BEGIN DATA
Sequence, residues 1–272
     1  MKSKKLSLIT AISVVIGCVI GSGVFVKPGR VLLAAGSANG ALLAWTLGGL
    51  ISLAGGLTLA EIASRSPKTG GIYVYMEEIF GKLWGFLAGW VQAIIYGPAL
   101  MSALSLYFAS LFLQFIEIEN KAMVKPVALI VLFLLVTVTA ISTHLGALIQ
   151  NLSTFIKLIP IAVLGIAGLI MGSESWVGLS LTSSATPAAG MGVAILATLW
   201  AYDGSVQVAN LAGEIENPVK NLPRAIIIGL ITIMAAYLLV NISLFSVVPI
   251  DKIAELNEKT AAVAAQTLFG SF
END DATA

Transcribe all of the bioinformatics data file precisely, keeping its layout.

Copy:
Sequence, residues 1–272
     1  MKSKKLSLIT AISVVIGCVI GSGVFVKPGR VLLAAGSANG ALLAWTLGGL
    51  ISLAGGLTLA EIASRSPKTG GIYVYMEEIF GKLWGFLAGW VQAIIYGPAL
   101  MSALSLYFAS LFLQFIEIEN KAMVKPVALI VLFLLVTVTA ISTHLGALIQ
   151  NLSTFIKLIP IAVLGIAGLI MGSESWVGLS LTSSATPAAG MGVAILATLW
   201  AYDGSVQVAN LAGEIENPVK NLPRAIIIGL ITIMAAYLLV NISLFSVVPI
   251  DKIAELNEKT AAVAAQTLFG SF